Ministers of the Intergovernmental Group of Twenty-Four on International Monetary Affairs and Development held their ninety-eighth meeting in Washington D.C. yesterday (Thursday) with Abraham Tekeste, Minister of Finance and Economic Cooperation of Ethiopia in the Chair; Mangala Samaraweera, Minister of Finance of Sri Lanka, serving as First Vice-Chair; and Julio Velarde, Governor of the Central Bank of Peru as Second Vice-Chair.
At the meeting, the Group of Twenty-Four welcomed the increasing momentum in global growth, trade and investment. The G-24 members noted that emerging market and developing economies (EMDEs) will continue to account for the bulk of global growth.
“Commodity prices are stabilizing, providing commodity exporters the opportunity to continue undertaking reforms, rebuild buffers, further diversify their economies and stimulate growth. We remain concerned about the medium-term downside risks, which include a potential increase in protectionism, sudden tightening of global financial conditions, roll back of regulatory reforms, and geopolitical risks. International cooperation and policy coordination in key areas are essential to minimize adverse spillovers on growth and financial markets. Multilateral commitment is necessary to maintain an open, rules-based trading system,” they said.
They also noted that the IMF is central to the Global Financial Safety Net and encouraged greater cooperation between the IMF and the Regional Financial Arrangements.
“We welcome the ongoing review of the IMF’s toolkit, including possible new instruments, to meet adequately the liquidity and precautionary needs of its member countries and look forward to its early conclusion. We call for evenhanded surveillance and lending decisions, and for the extension of the mandate of the IMF’s Evenhandedness Committee to include the Fund’s lending activities. More work is needed to address and minimize the stigma attached to IMF’s facilities. We support further work to broaden the role and use of the Special Drawing Rights (SDR) as a reserve currency,” the G-24 members said.
In the 2018 review of the IMF’s Facilities for Low-Income Countries (LICs), G-24 supports a more comprehensive engagement with LICs. This includes substantially expanding the resources of the Poverty Reduction and Growth Trust (PRGT), increasing access commensurate with countries’ needs, and introducing a precautionary instrument for LICs.
G-24 welcomed the IMF’s review of country experiences in addressing systemic risks arising from volatile capital flows and called for a fair assessment of the intent, content and design of macro-prudential and capital flow management measures available to and used by countries to deal with capital flow volatility.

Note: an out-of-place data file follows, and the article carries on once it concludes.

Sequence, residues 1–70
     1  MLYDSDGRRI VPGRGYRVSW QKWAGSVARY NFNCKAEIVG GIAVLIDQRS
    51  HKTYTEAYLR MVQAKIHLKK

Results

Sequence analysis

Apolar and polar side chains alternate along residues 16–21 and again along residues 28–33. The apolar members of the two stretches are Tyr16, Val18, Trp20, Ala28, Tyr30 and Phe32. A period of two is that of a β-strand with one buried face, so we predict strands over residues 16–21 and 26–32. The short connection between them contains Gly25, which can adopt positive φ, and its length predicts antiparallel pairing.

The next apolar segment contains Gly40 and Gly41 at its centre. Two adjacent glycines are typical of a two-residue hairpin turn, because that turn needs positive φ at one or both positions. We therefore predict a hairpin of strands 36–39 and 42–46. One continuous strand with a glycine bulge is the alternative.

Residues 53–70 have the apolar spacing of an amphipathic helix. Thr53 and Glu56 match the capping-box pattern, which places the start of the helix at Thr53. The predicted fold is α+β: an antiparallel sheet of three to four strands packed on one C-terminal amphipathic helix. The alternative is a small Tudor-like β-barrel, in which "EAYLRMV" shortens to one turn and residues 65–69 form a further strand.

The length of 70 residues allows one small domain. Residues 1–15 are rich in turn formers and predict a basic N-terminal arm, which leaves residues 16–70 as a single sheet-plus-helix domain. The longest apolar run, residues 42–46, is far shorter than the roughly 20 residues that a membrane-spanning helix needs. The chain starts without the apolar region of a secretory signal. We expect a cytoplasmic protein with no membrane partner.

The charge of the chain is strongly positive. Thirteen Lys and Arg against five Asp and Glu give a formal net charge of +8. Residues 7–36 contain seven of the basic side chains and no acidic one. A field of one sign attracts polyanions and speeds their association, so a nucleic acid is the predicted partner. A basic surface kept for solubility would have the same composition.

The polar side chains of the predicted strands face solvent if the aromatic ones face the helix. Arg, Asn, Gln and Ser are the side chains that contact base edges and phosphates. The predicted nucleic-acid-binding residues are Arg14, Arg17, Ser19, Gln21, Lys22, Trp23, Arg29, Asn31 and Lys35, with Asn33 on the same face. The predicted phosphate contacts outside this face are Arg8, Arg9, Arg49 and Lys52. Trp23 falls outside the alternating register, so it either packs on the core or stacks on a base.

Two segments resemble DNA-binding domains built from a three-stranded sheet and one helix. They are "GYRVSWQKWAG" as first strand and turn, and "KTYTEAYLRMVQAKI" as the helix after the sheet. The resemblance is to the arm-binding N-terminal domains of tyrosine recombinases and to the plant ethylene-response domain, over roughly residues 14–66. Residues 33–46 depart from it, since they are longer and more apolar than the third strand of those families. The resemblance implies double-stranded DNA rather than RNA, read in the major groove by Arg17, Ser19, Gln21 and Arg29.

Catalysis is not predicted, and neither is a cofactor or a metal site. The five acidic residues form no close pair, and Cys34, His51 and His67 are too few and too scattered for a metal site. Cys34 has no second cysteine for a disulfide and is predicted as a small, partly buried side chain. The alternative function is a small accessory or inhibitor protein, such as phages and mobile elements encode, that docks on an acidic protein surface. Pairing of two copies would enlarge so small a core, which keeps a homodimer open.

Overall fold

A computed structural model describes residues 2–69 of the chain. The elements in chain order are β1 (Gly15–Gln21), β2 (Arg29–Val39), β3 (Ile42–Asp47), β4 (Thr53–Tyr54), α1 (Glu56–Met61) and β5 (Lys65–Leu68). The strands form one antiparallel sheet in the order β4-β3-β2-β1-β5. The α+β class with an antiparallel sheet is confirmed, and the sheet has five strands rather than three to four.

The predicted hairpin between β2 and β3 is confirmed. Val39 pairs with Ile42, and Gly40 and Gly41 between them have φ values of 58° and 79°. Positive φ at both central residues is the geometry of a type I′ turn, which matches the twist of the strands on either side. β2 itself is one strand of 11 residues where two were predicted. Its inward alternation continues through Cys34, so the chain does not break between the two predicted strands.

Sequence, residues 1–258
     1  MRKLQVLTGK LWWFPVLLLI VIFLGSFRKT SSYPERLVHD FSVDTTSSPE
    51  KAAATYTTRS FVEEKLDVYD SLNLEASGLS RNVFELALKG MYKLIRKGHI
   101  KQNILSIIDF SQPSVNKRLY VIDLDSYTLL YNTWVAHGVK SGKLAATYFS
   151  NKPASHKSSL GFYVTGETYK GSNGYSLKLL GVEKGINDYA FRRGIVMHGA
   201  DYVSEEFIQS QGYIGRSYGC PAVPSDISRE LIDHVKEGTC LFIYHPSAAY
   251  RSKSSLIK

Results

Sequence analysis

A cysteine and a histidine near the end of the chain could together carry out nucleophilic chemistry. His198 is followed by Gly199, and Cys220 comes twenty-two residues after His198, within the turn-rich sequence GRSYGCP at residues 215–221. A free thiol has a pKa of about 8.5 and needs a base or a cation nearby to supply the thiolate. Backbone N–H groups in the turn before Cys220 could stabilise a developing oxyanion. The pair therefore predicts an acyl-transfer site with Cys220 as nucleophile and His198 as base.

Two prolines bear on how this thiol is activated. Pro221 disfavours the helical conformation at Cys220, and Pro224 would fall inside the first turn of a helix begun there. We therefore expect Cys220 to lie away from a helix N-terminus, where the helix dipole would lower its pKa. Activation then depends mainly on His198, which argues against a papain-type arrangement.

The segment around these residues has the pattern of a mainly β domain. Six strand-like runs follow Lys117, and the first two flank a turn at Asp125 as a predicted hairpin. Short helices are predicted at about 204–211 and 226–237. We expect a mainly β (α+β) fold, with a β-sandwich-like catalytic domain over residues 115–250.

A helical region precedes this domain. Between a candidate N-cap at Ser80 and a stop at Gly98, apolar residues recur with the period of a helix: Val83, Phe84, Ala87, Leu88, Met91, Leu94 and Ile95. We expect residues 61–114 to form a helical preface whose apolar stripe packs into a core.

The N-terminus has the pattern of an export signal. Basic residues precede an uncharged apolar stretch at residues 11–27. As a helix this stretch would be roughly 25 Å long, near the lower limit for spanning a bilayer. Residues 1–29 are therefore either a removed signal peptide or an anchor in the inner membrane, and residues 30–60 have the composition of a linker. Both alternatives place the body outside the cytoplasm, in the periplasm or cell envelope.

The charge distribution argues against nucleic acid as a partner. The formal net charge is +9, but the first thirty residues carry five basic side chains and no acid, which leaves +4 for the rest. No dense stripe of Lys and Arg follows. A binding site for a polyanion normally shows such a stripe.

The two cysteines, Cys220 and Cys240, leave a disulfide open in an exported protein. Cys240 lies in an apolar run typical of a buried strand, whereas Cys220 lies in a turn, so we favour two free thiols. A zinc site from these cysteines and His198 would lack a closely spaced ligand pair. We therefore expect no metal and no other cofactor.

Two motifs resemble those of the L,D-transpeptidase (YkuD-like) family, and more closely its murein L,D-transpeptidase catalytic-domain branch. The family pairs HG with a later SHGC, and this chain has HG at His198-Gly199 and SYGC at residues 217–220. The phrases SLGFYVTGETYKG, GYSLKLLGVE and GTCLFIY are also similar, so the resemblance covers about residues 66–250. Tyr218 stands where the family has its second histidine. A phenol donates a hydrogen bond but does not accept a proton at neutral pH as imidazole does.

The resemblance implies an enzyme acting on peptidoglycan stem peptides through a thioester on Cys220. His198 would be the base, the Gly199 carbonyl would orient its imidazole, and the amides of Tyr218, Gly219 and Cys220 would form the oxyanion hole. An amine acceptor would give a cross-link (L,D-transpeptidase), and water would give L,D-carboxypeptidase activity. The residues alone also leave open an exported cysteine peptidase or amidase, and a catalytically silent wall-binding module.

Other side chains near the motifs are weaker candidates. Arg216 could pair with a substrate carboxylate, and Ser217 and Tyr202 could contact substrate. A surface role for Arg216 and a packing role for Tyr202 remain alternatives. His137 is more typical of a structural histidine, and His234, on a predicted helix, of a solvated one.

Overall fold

“We call for all countries to implement the Intended Nationally Determined Contributions under the Paris Climate Agreement, reflecting the principle of common but differentiated responsibilities, in light of country-specific circumstances and in the context of poverty reduction and sustainable development. Extreme weather events have substantial adverse human and economic consequences in developing countries, in particular LICs and small island states, which have contributed very little to climate change. We call for a strong global response to the recent devastating hurricanes that hit the Caribbean. We call for supporting the efforts of developing countries to cope with and build resilience to climate-related natural disasters. We look forward to developed countries delivering on their commitment to provide US$100 billion per year new and additional financial resources by 2020 to support developing countries’ climate actions. We urge them to authorize the use of reflows to enhance financing from the Clean Technology Funds,” G-24 said.
G-24 called for continued support from International Financial Institutions (IFIs) and the international community to developing countries that are disproportionately affected by the refugee crisis, including internally displaced populations, and encourage the continued pursuit of developmental approaches to address this serious challenge.
“We call on IFIs to monitor and address the macroeconomic and development consequences of tightening migration regulations in some countries. We call on IFIs to strengthen their support for conflict affected, fragile, and small states, including deploying innovative financial instruments and partnerships. While we welcome global efforts against money laundering and financing of terrorism, we call for more concrete global actions to address the decline of correspondent banking relationships in some countries. We call for stronger multilateral cooperation to effectively combat illicit financial flows,” G-24 said.
G-24 also urged the IMF and the World Bank Group (WBG) to continue strengthening their assistance in improving domestic resource mobilization and enhancing its contribution to inclusive growth through progressive tax policies, as well as more efficient and better targeted public spending. (Colombo Gazette)